Dr. David Spach, Principal Investigator and Clinical Director of the Northwest AIDS Education and Training Center and Professor of Medicine at the University of Washington’s Division of Infectious Diseases, presented a snapshot of the current HIV workforce and potential solutions for expanding the number and diversity of HCP involved in HIV care.  A defining factor of the current HIV workforce is the increase in the number of individuals living with HIV in the United States due to the success of antiretroviral therapies and expanded efforts to implement the CDC’s 2006 Revised Recommendations for HIV Testing.  This increase in demand for HIV services has outpaced the number of HCP willing and able to manage patients with HIV infection.  Solutions for building the capacity of the HIV workforce rely heavily on recruitment during training in medical schools, residency programs and HIV fellowships as well as continuing educational support for HCP currently in practice.  Innovative financial incentives, co-management and mentoring programs, and the use of technology to support HCP in rural and isolated areas were also identified as solutions to HIV workforce shortages.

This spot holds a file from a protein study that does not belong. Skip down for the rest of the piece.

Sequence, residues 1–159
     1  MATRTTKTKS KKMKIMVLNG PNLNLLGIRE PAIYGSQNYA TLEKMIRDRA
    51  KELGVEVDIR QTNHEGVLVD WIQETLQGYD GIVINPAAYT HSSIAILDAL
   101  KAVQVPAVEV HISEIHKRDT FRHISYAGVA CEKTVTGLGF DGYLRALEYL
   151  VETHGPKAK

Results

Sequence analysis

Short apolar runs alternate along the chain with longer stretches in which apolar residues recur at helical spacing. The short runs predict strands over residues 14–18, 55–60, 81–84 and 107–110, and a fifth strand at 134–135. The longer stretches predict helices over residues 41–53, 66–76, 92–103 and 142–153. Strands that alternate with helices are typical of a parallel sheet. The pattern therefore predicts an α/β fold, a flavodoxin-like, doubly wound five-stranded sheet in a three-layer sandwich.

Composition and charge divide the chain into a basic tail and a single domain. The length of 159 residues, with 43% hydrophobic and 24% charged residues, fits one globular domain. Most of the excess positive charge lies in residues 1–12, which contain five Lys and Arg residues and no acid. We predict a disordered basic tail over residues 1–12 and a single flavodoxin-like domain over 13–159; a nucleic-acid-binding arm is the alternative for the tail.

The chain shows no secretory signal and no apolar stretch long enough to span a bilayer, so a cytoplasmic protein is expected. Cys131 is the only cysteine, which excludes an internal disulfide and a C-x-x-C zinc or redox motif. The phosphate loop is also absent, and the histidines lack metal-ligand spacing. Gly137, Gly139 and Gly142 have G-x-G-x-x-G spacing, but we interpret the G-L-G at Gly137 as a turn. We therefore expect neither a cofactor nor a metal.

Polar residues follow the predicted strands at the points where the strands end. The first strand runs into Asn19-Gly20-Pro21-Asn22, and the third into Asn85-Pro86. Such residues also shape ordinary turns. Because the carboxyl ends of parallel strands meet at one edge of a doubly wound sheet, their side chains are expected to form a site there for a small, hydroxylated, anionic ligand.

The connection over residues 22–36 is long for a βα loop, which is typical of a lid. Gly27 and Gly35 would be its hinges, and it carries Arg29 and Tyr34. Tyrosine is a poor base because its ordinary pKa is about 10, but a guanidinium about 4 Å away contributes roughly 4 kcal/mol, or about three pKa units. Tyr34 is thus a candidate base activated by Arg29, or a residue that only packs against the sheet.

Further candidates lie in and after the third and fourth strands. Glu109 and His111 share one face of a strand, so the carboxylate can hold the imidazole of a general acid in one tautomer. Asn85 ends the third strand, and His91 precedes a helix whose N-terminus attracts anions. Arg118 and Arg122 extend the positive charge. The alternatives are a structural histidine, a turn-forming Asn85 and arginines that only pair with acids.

Panelists from academic, federal, state, and community settings discussed the role of the Ryan White HIV/AIDS Program in supporting the HIV workforce, ways to attract “new talent” into HIV care and engage “non-HIV” providers (i.e., those not experienced in providing HIV care and treatment) into care, as well as ways to generate local solutions to HIV workforce challenges through private sector and philanthropic resources.

An energetic discussion among panelists and audience members included an acknowledgement of the Ryan White AIDS Education and Training Centers’ role in building the capacity of HCP across the country, as well as an affirmation of the need to target educational efforts to the pre-service “pipeline” as a means of capturing the interest of future HCP before they begin practice.  Involving the entire health care team and evolving roles to support optimal patient care outcomes and clinic efficiencies was also addressed, as was linking prevention and care efforts.  The Ryan White clinic setting also was identified as an exemplary Medical Home model that could be more broadly applied in new clinical care settings that develop within the constructs of health care reform.

These ideas and suggestions will inform the on-going implementation of the NHAS.  If you would like to provide input into the continuing implementation of the NHAS, please contact AIDSPolicy@who.eop.gov.

For more information about this and other National HIV/AIDS Strategy Implementation Dialogue meetings across the United States, please visit the White House Office of National AIDS Policy.

This Is What We Can Do – Team Detroit’s Fast Start

October 17, 2011 in AmeriCorps, HIV/AIDS Awareness Days